Given a considerable difference in survival according to lymph node stations and primary tumor sites, extended lymphadenectomies may also be crucial in accurately staging the tumor. The LN#12 and higher stations are not generally removed in D1 dissection and in such case, there is a chance of misleading migration to a lower stage. Although criticized by postoperative complications in D2 or higher lymphadenectomies [23, 24], recent studies showed no difference in the incidence of major complications or mortality between D1 and D2 dissections [26, 27]. Notably, there was no significant difference in quality of life (QOL) after gastrectomy with D1 and D2/D3 lymphadenectomies . Therefore, gastrectomy with extended lymphadenectomy may be beneficial not only in terms of survival but also accurate pathologic N staging.
This study is limited by small number of patients and intrinsic bias from retrospective analysis in nature. Our result should be interpreted with caution because it represents only a small group of patients with gastric cancer and the LN#12a and other lymph nodes of the hepatoduodenal ligament were not evaluated separately. Prospective evaluation of outcomes in subset of gastric cancer patients with LN#12 or #13 metastasis is definitely warranted especially with regards to primary tumor location.
In this study, we found that curatively resected gastric cancer patients with pathologic involvement of LN #12 and/or LN #13 had favorable survival outcome, especially those with primary tumor location of mid-body to antrum.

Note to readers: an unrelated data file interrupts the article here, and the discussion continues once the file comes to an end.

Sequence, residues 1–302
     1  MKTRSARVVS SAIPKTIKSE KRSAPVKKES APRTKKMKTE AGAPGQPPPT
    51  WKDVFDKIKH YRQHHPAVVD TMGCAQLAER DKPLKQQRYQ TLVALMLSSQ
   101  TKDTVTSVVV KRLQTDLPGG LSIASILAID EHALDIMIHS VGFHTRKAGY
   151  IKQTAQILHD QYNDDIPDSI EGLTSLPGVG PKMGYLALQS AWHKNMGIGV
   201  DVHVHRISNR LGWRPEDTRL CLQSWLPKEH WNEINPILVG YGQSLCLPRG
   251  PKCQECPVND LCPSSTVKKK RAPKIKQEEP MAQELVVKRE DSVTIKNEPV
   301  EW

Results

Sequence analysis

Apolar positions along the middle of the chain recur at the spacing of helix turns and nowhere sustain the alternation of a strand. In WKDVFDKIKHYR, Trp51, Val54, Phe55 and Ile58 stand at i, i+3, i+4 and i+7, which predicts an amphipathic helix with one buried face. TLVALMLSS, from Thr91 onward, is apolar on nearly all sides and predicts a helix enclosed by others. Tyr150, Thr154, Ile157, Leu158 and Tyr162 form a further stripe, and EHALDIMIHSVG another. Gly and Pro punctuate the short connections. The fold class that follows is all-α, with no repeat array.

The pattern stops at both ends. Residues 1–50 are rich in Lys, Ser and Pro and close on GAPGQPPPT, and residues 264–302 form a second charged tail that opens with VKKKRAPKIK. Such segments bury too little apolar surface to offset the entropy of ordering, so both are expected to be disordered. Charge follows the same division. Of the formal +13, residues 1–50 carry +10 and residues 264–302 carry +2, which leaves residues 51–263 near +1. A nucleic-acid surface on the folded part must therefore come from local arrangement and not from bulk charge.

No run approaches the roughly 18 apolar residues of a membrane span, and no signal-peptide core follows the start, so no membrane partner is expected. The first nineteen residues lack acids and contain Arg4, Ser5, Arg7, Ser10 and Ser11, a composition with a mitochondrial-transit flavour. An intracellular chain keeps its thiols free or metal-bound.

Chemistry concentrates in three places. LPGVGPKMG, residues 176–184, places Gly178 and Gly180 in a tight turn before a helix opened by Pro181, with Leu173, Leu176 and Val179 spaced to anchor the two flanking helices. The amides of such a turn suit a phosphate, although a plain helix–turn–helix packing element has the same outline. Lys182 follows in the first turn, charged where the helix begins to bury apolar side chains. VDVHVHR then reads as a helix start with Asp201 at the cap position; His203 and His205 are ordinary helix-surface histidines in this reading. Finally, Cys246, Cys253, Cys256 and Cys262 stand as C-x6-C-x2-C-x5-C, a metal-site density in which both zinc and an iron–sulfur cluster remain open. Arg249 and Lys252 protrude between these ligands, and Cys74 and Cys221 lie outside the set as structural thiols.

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The pre-publication history for this paper can be accessed here:http://www.biomedcentral.com/1471-2407/10/25/prepub
We thank Ms Min Ji Kang for editorial assistance. This study was supported in part by a grant of the Korea Health 21 R&D Project, Ministry of Health & Welfare, Republic of Korea (0412-CR01-0704-0001).
The authors declare that they have no competing interests.
DHL, SHK and SHP drafted the manuscript. DHL, JL, SHP, SHJ, MJP and SYY collected the data and performed the statistical analysis. YSP, JL, SHP, HYL, JYA, TSS, JHN, JMB, SK and WKK followed the patients. CKP performed pathologic evaluations. YSP and WKK designed the study and helped with the manuscript. All authors read and approved the final manuscript.
Do Hyoung Lim, Hyeong Su Kim contributed equally to this work.
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Lim, D.H., Kim, H.S., Park, Y.S. et al. Metastatic lymph node in gastric cancer; Is it a real distant metastasis?. BMC Cancer 10, 25 (2010). https://doi.org/10.1186/1471-2407-10-25
- Gastric Cancer
- Overall Survival
- Gastric Cancer Patient
- Primary Tumor Location
- Primary Gastric Tumor